|The Uff Commission
Published Thursday 18thJanuary 2009
The Commission of Enquiry into the Construction Sector in Trinidad &
Tobago and UDECOTT is chaired by Professor John Uff QC, hence its title.
The Uff Commission held its first public hearing on Monday 12th January
and these have been anxiously awaited by those interested citizens and
construction industry stakeholders.
The original calls were for an Enquiry into the conduct of UDECOTT’s
operations, but the terms of reference of the Uff Commission are far
broader. Some have accused the government of using its discretion to
dilute the possible effect of a concentrated enquiry into UDECOTT. I was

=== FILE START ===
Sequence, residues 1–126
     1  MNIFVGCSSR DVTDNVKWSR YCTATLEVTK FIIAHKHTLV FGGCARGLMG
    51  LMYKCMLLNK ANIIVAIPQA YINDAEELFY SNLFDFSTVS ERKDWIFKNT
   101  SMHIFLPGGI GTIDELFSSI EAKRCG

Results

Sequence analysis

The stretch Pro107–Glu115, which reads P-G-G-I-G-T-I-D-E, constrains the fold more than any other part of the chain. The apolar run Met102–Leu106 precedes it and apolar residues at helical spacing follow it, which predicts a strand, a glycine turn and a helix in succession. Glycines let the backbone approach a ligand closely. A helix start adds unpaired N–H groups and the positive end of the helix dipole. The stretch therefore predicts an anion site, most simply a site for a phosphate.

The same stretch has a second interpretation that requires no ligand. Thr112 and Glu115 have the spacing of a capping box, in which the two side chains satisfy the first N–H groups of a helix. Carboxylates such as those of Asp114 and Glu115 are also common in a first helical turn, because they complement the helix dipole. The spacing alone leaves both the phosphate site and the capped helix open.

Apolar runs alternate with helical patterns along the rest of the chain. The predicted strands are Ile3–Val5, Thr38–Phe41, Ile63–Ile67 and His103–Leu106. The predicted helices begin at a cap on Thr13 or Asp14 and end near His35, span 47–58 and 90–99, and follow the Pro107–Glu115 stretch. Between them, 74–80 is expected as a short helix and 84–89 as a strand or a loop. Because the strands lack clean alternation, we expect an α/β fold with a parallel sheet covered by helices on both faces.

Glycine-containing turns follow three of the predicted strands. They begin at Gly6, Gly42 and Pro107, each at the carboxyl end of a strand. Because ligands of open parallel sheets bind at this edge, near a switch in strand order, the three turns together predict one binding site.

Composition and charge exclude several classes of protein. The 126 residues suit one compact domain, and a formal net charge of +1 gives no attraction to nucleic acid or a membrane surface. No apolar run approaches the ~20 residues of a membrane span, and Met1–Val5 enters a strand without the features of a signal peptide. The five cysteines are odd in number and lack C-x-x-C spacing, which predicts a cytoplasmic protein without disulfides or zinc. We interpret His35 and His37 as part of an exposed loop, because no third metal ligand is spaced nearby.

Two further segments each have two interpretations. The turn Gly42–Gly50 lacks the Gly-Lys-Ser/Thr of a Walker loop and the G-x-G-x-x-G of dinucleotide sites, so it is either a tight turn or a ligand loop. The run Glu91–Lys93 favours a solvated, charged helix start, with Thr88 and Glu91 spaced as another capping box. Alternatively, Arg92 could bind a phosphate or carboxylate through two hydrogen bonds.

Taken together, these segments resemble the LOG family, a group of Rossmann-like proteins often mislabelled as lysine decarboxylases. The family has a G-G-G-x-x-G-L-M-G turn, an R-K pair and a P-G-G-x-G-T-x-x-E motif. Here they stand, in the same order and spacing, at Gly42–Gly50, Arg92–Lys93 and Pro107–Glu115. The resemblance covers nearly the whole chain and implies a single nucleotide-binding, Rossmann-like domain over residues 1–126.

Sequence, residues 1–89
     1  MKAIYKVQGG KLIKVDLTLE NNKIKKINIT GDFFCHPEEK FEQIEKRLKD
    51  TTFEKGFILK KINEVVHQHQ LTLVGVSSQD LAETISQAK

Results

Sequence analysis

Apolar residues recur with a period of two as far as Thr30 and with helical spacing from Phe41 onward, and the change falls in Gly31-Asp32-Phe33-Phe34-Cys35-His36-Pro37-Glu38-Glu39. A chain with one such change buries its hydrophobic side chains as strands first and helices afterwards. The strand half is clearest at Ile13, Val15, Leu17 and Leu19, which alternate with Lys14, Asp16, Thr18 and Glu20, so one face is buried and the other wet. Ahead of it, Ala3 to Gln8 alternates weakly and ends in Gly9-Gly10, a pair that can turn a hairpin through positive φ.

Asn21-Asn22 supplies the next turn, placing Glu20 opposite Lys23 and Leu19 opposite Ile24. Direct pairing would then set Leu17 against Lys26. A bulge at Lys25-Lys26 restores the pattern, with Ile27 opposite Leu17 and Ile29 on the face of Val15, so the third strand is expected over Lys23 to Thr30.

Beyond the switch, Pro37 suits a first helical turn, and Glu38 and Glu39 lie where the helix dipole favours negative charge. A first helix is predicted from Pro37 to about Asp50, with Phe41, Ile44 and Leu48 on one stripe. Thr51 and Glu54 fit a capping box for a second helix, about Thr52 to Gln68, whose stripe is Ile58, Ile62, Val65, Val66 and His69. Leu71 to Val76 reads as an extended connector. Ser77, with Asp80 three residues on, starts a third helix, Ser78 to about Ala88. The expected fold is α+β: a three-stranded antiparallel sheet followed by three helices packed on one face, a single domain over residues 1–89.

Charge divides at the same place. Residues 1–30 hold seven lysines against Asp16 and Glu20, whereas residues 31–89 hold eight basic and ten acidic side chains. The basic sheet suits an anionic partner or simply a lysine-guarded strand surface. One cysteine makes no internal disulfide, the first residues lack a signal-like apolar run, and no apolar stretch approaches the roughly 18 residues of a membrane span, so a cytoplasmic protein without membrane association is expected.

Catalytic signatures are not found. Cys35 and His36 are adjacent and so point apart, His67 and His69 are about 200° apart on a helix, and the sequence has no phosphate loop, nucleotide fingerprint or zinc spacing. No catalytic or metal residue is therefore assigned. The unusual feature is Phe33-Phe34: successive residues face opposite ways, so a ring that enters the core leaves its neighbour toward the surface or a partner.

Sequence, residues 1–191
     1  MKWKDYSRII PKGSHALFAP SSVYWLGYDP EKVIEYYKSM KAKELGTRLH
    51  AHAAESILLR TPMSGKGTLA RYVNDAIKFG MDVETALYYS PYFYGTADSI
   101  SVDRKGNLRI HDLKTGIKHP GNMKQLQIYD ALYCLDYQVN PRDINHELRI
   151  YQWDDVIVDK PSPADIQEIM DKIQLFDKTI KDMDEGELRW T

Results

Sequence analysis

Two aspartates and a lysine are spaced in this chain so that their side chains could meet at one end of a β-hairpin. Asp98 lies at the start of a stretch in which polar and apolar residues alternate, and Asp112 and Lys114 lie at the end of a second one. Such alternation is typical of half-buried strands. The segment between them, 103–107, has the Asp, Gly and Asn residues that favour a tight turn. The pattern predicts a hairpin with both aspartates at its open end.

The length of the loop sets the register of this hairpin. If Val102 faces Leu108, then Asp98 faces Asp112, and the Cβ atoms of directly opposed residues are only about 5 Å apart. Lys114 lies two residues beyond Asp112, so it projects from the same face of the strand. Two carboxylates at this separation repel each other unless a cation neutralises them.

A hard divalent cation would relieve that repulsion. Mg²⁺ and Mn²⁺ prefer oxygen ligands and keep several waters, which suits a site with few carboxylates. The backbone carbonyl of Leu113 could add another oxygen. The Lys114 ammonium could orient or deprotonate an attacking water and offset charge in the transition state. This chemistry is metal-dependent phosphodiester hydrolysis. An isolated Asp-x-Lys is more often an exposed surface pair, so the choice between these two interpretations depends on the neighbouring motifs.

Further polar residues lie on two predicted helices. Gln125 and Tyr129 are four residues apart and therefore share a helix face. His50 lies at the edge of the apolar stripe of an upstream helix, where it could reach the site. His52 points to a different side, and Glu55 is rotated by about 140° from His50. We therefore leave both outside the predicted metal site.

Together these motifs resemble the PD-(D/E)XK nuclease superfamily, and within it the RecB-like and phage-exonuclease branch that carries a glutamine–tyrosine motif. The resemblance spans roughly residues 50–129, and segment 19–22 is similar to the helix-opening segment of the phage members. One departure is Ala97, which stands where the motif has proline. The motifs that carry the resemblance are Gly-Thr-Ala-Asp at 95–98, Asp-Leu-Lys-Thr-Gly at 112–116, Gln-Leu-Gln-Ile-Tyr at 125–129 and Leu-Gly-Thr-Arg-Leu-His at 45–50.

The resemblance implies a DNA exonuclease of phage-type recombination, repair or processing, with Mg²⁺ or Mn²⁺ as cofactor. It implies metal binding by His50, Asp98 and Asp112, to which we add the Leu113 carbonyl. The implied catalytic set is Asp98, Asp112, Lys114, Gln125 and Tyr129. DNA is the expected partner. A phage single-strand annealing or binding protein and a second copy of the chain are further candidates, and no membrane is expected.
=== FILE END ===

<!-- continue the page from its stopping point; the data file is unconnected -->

one of those who held that view, being of the opinion that it would be
detrimental and possibly time-wasting to have those extensive terms of
enquiry. The misgivings are contained in Property Matters of 31st July
2008. Since then, I have come to see that the expanded terms in fact
offer us a rare opportunity to re-examine a key area of how our country
is being developed. To paraphrase Walter Mosely, in the title of his
latest book, it may be a case of ‘The Right Mistake’.
The daily transcript of the Commission’s proceedings is put up the
next morning on the website
www.constructionenquiry.gov.tt and that is a
huge step forward in terms of accessibility. The hearings are being
televised on Channel 4 and also streaming live at the Commission
Readers need to understand that some perturbing moves are being
played out in the Commission. I attended the entire first day’s hearing
and heard for myself the proposals of the lead attorneys for Mr. Calder